Lucille Garage Workbench October 13th, 2017 - 18:28:43
Worktop surfaces come in many material and designs. Depending on the intended use one material may be more suitable than another. Common materials are steel wood solid plastic plastic laminate and others. Steel worktops are typical for heavy duty use. They will not become oil soaked or crack and are extremely tough. Mechanics and small engine repair shops favor this material as well as welders who might damage other work top surfaces. Disadvantages are scratching or denting if they are hit sufficiently hard. Wood tops can be made of solid hardwood like maple or made of plywood MDF or other manufactured wood material. Hardwood worktops resist damage by sharp tools and hard blows and is ideal for tool and die work electrical wiring fabric cutting and is favored by woodworkers.
If there is one place in the house that is most suited for your craftsmanship it would be the garage. Some people opt for the basement but not all houses have that extra room. A garage is a more common part and it is where dirty jobs can be done simply because it does not need to be kept so clean all the time as compared to the other areas. Despite that you still need something to help you in order to make your job less stressful such as a garage workbench. Ideas and suggestions on the things to consider when choosing one are listed below to help you find the perfect furniture for the space you have.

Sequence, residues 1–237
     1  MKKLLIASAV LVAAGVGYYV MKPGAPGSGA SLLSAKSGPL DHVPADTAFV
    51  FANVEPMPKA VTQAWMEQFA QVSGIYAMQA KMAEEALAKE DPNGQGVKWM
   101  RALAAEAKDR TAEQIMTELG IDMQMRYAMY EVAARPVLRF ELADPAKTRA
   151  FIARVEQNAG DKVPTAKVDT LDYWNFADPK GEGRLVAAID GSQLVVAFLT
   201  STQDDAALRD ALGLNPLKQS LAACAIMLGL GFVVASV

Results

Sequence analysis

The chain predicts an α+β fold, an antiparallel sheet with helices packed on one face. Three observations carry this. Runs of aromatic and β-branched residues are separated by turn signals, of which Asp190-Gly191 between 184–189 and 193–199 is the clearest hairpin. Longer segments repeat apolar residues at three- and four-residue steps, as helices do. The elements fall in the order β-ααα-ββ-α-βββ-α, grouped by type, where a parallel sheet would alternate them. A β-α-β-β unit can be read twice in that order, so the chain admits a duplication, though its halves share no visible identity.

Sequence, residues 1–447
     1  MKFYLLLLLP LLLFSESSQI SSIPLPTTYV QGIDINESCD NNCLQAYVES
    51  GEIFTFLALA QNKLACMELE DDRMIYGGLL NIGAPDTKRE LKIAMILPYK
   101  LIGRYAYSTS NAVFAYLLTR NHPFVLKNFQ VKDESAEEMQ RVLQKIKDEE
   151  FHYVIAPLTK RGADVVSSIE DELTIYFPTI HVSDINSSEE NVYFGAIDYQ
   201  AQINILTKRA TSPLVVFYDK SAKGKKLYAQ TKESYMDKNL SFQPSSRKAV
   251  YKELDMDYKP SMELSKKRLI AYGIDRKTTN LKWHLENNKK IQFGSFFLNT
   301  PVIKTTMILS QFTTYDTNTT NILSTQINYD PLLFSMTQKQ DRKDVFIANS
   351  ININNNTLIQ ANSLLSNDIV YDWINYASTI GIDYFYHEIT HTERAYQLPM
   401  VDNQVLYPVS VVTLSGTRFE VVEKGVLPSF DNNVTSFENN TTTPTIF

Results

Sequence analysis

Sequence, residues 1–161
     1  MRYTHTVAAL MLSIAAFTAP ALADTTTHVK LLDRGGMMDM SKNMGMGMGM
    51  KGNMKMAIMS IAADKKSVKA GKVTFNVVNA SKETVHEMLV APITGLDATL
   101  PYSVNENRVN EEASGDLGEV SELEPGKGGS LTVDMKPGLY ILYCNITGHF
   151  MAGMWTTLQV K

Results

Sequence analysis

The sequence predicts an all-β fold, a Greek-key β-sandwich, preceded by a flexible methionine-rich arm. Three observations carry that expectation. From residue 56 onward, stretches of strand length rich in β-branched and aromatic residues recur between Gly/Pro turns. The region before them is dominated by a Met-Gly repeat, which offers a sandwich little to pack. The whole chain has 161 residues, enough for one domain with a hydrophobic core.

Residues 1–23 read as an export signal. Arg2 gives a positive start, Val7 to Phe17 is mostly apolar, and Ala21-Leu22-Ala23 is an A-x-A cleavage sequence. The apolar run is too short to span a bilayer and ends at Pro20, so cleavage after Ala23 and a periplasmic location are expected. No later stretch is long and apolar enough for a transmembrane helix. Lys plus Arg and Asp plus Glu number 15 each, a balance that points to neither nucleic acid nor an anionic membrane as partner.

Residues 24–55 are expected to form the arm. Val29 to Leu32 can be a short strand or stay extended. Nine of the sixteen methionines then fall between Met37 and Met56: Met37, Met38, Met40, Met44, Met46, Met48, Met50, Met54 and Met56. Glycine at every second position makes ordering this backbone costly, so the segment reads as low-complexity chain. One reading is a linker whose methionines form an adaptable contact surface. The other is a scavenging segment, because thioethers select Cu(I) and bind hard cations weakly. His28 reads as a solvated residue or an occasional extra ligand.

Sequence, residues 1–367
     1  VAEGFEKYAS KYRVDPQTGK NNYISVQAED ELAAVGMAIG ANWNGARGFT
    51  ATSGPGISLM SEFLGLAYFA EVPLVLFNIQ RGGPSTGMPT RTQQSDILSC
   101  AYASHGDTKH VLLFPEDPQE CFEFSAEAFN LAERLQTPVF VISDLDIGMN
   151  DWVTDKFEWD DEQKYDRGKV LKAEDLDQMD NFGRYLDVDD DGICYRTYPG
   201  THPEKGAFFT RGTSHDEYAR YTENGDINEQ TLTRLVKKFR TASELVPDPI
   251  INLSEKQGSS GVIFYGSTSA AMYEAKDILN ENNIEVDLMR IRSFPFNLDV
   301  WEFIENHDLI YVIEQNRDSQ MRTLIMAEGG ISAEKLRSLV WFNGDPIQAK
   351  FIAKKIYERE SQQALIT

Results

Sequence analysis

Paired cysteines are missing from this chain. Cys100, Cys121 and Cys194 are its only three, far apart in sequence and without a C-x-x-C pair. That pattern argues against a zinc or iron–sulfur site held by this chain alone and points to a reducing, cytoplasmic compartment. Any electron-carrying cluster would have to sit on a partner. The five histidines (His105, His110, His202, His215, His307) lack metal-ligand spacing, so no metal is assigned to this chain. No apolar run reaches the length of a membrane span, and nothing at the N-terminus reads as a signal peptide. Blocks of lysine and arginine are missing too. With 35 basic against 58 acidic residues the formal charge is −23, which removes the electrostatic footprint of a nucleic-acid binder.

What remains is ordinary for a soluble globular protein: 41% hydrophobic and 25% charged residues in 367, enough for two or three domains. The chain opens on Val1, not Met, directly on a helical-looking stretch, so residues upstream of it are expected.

If space is an issue a fold-up garage workbench takes up little room when not in use. They are often designed with cabinet space to hang tools and hardware and the hinged bench folds into that space with its legs tucked under. When you need to work simply unfold the top prop up the legs and get to it. Select one with a leg system that is sturdy enough for your needs. Make sure to allow adequate space to work in when the bench is laid out.
A common material for pre-manufactured workbench legs and supports is steel sheet. As we discussed in our previous article "A Handy Guide on Shelving Systems for the Home Garage and Workplace" the thickness of sheet metal is called its gauge and the lower its gauge number is the thicker the steel is. Steel sheet ranges from about 30 gauge to 8 gauge with thinner 30+ gauge material called foil and thicker 8 gauge or less material called plate. Typical workbench supports range from around 12 to 16 gauge. Stringers and lower shelves add stability and strength to the legs and allow for heavier loads to be applied.